Green shrimp I looked at one of my green Neocaridina under the microscope, and I'm trying to determine if all green shrimp are like this... or just mine. Any insight from other green or jade shrimp keepers?
There have been a few rumblings from Bob, Kiz and I about a new shrimp to the hobby, and possibly a new shrimp to science , which for the moment we will call Caridina sp. 'Malanda'.
Thanks to Kiz for putting up some excellent pics of the shrimp themselves, which can be found here:
Having kept both the Caridina sp. Malanda and the shrimp collected from Barney Springs (another possibly unidentified shrimp which we are calling Caridina sp. "Barney Springs", also rare in the hobby), they are quite similar in size, shape and colour and, in my opinion, could likely be the same species. These are currently with Ura for taxonomy so we will have some more info on taxonomy soon. Thanks @Ura.
Anyway this is a report from where the shrimp were found (May, 2015).
Water parameters were:
pH: 7.4 - Water sample was taken from within the riffles which would tend to cause CO2 to gas off and therefore boost pH.
KH: < 10 ppm
GH: < 20 ppm
Short video - excuse the rainy conditions
We found the shrimp only in one specific location - just upstream of where Bob is standing, in the long grass at the edge of the stream. We sampled further upstream, across the other side of the creek and downstream, and found none, including in areas where the grass was growing in a similar manner to where we did find them.
This is just a shot from further upstream, around the corner from the above shot.
The creekbed within the riffles was rock, mostly covered in algae and some silt. there were no shrimp in this area.
The shrimp were found hard in against the bank, right at the interface between the water, the bank and the grass hanging into the water.
The shrimp were clearly coloured by sex - females were reddish, males blue. Note the large eggs for this species = easy to breed.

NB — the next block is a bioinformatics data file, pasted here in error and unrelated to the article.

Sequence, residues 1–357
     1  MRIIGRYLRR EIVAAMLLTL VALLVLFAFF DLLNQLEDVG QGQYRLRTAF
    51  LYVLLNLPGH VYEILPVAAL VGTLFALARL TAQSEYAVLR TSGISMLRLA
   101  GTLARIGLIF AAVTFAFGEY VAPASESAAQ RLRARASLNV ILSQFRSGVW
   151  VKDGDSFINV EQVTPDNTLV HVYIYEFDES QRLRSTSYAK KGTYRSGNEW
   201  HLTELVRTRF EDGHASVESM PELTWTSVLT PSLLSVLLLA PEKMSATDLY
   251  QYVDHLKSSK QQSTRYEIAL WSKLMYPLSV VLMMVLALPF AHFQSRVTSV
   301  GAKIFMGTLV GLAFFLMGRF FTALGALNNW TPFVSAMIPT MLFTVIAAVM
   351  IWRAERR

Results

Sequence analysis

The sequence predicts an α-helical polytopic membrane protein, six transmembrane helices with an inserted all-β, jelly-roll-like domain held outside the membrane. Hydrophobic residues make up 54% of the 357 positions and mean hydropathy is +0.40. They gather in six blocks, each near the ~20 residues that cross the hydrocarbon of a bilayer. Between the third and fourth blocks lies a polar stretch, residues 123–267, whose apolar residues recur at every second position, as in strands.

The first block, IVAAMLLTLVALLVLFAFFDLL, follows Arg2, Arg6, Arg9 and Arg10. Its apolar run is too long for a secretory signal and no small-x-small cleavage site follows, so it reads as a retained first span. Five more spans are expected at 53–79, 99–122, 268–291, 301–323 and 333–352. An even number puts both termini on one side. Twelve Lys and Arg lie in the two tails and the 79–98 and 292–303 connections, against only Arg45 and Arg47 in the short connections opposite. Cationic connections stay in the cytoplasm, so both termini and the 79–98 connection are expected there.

Male - Top
Female - Bottom
We also found a species of rainbowfish in the eddies at the base of the riffles, a species of gudgeon, some sponges growing on the bedrock in the riffles and some macros (Macrobrachium sp.). None were in the same habitat as the Malanda shrimp.
This macro had a parasite attached - nasty!
I have decided to get a few more shrimp to create more tanks similar to the one I had a few years back in the video below.
This 4 foot tank had a lot of corys and I had a population explosion of shrimps. Currently, I set one up with yellow cherries and another with orange rillis. Going to be looking for more shrimp when it starts to warm up a bit in Canberra.
Hey hey hey,
Hows things everyone?
Ive been getting right back into shrimp in a major way now, Had a few days spare so I got around to re-sealing an old tank I had laying around and building a quick stand for it.
This is being setup as a shrimp/ low tech planted mostly somewhere for all my anubias to live I have some rather large varieties now, just some lava rock as the main hardscape, then course white sand, lots of ferns etc.
standard aquaone heater, and the filter I'm running is an aquaone 1050 series ii. It's quite new I got it on the cheap ages ago and it's sat there lol.
The tank was already drilled through the bottom panel from an older project, so I decided to run a closed plumbing system which seems to have stopped the notorious dead spots you sometimes get in tanks bigger then 4ft. And it's working great with only a relatively small filter.
Probably Going to end up being for my chameleons and or something else. Loving life right now, even though I didn't sleep and it's water change day today haha